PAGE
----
Coal is proven to be toxic for the planet: how insane is it to be helping fuel global warming, to the tune of around 25 million tonnes of C02 per annum??!!

Read moreHigh Noon at Anvil Hill

Cloud dunes

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Autumn is noted for its winds here. They’ve been a little late this year, but then everything about the weather has been out of whack.

Because the mountains I face are so high, clouds often get hooked there. The wind then appears to flow over them, sculpts them into an upper mountain range.

But very early the other morning, the wind instead formed the clouds into a mighty dune, super smooth, backlit by the rising sun so it held a silver edge for about a quarter of an hour.

Other small clouds, unreliable bits of fluff, promenaded about and skylarked, ski-ing down the slope while the going was good.

I looked for my local wedge-tailed eagles. I’ll bet they were checking out the wind waves from somewhere out there – ‘Great day for a surf, eh?’

I wished for wings – but instead I grabbed the camera. There’s a lot to be said for getting up early – at least when you live somewhere like this. More clouds to come…

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A rosey day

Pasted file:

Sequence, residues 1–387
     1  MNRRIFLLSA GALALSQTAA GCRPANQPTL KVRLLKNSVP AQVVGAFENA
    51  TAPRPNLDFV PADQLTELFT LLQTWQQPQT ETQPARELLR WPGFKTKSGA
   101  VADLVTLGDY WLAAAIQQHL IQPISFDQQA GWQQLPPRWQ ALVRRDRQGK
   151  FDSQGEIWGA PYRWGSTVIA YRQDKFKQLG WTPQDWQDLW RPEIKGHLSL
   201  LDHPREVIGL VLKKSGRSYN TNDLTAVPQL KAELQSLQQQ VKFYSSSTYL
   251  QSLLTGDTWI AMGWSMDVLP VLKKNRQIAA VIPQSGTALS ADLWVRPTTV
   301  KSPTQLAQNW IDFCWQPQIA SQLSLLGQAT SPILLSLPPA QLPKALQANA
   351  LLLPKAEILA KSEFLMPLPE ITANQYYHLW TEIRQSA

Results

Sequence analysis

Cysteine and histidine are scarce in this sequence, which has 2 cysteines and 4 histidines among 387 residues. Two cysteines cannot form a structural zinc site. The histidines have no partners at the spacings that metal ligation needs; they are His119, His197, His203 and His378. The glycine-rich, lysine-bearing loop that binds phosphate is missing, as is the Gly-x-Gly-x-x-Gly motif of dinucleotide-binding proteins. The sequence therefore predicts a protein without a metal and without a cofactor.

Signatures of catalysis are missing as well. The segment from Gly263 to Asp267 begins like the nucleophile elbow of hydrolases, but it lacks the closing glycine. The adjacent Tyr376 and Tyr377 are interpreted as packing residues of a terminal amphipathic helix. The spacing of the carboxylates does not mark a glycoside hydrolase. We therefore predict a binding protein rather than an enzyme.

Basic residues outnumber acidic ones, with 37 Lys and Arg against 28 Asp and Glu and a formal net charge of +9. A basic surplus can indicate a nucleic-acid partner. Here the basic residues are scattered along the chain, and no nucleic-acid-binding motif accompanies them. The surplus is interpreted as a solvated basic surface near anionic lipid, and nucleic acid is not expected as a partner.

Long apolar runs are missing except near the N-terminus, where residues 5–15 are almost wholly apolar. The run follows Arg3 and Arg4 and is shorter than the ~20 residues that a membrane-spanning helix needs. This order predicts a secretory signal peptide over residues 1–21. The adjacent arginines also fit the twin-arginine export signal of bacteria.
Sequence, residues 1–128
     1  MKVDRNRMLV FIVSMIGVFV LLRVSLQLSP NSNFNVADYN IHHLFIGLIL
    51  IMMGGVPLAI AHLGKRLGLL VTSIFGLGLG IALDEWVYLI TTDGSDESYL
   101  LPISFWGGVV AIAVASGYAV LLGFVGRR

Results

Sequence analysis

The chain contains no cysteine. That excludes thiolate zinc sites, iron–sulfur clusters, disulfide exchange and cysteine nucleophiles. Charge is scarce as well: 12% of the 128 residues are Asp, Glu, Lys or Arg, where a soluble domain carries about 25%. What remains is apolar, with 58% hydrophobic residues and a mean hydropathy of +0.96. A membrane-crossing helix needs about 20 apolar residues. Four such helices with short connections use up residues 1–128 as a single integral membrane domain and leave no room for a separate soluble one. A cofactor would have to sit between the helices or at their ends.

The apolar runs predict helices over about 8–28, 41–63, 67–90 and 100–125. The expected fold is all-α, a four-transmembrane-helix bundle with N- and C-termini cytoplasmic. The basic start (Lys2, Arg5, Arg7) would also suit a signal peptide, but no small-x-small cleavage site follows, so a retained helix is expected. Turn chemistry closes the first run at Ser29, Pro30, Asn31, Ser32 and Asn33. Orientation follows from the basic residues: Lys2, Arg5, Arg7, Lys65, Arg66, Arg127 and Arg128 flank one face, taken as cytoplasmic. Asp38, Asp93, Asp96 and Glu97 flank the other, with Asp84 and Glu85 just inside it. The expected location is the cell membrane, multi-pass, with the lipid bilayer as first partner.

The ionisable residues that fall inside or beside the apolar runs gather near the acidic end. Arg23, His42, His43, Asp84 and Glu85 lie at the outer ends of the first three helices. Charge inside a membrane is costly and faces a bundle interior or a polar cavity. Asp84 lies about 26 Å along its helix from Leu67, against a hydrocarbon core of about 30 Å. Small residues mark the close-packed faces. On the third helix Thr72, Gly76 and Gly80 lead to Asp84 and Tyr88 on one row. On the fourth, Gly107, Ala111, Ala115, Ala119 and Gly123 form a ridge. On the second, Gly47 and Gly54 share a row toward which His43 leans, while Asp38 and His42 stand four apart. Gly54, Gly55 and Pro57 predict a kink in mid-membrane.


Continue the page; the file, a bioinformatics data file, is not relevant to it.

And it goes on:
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Yesterday it rained all day on the mountain, cold and lashing and miserable-making.  23mm. worth of it. From my desk window the autumn leaves of the verandah vines were dull shadows of themselves without their sunny backlighting.

Then a flash of rich red refocused the scene. A crimson rosella had landed on the birdfeeder there and was skulking amongst the dripping leaves, pecking at sodden seeds and keeping a watchful eye out for a currawong or magpie.

She flew off when a strong gust sent a cane chair flat on its face and skittering along the boards. When the rain stopped, she — or a cousin — was back, less startlingly exotic now as the vine reclaimed a little colour, though still missing the sun.

These ‘rosies’ are my main — red and blue and black, with green on the young. My flying jewels, my singing stars.

The vines are wisteria, now turning butter yellow; ornamental grape, almost bare of its pinks and reds; and Chilean jasmine (Mandevilla laxa) which is not a jasmine, is not invasive, and has the most beautifully perfumed bunches of slenderly furled white trumpet flowers in summer.

They produce the elegant long seed pods, joined in twin arcs, that you see by the rosella in the photos. Leave a comment if you’d like some seeds from it!

Of love and death

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Watching someone you love dying slowly, even if painlessly, is hard. I’ve been away from the Mountain for five days, keeping my friend Emily company at her husband Ken’s deathbedside as he shrank to a pale husk, incredibly breathing on, despite running on empty.

Talk about Aussie battlers!

I’d known Ken Donald for 40 years, had been at their first wedding in 1970 – Miss Sunshine marries dour Scot. Yes, I said ‘first’, because the marrriage didn’t last very long that time, despite each declaring ever after that they never stopped loving the other.